Monday, 4 October 2004
Most commercial flights (80%) reliably deliver passengers and cargo on time within a small fraction of the en route time. Of the remaining 20%, it is widely recognized that about 70% of the delays, diversions and cancellations (DDCs) are related, somehow, to adverse weather. If so, skillful weather forecasts and judicious traffic management should hold a promise for reducing DDCs. A prerequisite is to define and empirical baseline for the qualities of adverse weather that strongly affects the DDCs. The essential difficulty is that weather elements (ceiling, visibility, surface winds, turbulence, and thunderstorms) are defined locally, while the DDCs are a parameter of the National Airspace System (NAS). Three approaches are taken: analysis of terminal weather, analysis of routes, and empirical modeling. The geographical, seasonal, and diurnal variability is reduced by selective stratification of the data. The results of these analyses are a baseline of adverse weather that is dependent on the region, month and temporal quadrant of the day. The sensitivity of the DDCs to the baseline of adverse weather will be investigated.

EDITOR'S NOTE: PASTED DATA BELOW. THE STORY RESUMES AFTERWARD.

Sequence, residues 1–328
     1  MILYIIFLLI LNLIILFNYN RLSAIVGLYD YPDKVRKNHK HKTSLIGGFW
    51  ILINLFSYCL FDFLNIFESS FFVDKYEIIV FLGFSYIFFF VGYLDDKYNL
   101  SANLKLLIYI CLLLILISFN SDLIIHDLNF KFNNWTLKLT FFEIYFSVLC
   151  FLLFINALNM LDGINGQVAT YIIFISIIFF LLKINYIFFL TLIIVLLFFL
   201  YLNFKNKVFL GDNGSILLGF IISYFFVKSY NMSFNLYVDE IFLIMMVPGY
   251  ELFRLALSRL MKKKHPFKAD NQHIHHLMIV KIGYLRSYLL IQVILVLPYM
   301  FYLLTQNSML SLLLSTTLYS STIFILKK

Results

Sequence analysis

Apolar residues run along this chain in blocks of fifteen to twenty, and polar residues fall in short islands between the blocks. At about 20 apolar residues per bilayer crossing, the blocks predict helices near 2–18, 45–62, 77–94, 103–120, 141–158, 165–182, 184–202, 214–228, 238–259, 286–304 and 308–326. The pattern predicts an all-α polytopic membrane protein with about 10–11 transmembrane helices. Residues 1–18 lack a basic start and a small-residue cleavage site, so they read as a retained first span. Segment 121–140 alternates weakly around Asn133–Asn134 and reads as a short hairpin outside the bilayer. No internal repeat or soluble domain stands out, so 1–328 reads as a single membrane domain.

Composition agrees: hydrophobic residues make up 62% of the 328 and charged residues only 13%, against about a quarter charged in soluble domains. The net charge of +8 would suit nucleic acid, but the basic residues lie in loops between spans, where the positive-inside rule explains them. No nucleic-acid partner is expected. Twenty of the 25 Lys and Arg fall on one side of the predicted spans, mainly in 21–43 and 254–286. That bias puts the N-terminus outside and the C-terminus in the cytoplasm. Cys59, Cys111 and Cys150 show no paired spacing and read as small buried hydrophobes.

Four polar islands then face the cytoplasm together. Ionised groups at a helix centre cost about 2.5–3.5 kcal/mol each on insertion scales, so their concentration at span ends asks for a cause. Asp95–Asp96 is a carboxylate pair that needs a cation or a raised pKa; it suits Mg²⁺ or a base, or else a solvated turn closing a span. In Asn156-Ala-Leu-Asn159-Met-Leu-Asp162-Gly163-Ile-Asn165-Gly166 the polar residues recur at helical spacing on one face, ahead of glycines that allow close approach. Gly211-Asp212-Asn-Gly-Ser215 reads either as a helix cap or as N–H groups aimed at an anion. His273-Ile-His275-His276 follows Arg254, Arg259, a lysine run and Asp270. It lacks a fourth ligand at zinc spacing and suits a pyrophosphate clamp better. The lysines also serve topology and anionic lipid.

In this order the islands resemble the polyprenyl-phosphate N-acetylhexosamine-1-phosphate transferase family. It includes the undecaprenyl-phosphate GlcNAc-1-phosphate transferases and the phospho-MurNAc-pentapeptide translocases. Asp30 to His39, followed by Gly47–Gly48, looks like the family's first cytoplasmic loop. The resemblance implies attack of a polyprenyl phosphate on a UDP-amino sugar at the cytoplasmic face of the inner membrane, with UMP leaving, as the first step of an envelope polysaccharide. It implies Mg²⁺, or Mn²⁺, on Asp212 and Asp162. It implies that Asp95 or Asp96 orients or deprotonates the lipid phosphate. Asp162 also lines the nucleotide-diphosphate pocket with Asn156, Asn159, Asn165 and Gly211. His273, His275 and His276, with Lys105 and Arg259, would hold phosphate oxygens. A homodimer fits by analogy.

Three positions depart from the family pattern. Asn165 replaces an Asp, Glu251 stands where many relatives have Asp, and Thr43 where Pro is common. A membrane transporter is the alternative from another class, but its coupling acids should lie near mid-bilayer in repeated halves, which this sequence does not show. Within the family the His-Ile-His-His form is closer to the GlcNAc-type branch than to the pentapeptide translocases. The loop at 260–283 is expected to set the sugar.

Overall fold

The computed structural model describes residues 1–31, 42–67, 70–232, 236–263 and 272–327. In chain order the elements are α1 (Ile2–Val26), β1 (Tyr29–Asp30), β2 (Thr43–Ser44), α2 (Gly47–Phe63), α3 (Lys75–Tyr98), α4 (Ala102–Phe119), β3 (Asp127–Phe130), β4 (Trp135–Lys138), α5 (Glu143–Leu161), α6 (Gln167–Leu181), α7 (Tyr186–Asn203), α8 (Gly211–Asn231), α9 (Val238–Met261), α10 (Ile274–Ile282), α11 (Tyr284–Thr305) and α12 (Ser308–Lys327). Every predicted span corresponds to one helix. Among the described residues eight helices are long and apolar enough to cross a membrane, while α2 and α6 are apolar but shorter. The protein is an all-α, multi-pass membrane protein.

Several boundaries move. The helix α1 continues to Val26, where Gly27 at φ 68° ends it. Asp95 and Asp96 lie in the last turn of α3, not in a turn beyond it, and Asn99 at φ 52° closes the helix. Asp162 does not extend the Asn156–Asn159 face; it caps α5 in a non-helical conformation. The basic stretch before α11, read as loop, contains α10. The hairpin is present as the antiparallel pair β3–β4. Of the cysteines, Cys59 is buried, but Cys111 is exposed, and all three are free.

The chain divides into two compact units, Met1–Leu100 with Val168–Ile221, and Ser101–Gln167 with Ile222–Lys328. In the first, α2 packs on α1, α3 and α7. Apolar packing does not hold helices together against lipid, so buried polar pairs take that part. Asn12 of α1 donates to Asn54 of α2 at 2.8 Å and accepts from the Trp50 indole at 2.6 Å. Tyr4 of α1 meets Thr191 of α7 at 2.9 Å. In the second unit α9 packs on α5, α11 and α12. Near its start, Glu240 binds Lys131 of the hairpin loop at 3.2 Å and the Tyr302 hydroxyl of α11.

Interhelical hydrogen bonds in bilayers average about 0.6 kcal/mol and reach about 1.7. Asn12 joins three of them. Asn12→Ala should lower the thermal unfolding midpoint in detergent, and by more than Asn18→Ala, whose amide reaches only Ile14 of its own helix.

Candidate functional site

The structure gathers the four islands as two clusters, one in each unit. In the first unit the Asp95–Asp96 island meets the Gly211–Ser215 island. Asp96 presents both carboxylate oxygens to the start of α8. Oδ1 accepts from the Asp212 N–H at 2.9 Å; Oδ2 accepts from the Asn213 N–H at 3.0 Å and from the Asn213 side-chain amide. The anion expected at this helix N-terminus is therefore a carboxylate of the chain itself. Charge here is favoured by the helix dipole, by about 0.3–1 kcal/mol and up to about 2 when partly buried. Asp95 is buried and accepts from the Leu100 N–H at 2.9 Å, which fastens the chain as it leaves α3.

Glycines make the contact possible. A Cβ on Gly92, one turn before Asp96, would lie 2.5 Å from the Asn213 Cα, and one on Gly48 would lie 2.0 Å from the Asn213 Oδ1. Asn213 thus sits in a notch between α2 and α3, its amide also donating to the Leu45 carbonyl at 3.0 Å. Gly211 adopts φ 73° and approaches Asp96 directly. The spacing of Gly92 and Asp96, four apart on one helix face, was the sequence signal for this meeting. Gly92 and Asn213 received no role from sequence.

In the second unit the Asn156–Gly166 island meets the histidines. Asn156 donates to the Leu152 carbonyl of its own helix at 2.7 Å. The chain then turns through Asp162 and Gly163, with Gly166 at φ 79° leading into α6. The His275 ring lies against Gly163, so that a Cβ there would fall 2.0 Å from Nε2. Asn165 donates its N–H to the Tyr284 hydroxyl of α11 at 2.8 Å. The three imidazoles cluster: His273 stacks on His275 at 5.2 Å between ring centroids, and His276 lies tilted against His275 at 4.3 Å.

- Indicates paper has been withdrawn from meeting
- Indicates an Award Winner